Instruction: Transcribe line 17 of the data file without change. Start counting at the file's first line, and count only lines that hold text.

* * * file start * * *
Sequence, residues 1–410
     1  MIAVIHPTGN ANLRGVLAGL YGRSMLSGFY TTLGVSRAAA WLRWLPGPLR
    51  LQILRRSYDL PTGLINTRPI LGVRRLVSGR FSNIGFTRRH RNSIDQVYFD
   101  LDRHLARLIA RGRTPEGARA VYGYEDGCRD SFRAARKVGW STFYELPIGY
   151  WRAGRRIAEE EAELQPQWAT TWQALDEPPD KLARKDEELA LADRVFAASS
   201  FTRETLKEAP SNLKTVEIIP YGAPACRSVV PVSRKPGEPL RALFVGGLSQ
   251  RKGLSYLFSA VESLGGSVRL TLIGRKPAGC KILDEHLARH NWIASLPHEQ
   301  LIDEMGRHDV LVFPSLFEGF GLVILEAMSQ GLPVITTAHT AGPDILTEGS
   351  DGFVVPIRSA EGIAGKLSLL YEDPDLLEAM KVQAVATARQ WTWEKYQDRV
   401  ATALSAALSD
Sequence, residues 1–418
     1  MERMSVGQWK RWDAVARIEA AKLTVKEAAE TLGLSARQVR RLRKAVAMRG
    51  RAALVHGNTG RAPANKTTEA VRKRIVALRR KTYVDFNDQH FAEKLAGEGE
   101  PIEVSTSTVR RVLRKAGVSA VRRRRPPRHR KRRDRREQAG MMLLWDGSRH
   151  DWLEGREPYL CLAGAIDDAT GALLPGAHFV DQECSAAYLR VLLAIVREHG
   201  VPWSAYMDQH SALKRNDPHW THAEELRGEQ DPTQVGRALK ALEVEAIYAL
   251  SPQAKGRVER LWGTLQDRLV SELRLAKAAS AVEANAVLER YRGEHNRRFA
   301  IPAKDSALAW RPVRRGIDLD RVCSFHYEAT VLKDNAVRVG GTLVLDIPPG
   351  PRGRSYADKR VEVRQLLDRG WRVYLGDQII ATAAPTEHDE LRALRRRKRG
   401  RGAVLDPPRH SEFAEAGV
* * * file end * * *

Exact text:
   251  SPQAKGRVER LWGTLQDRLV SELRLAKAAS AVEANAVLER YRGEHNRRFA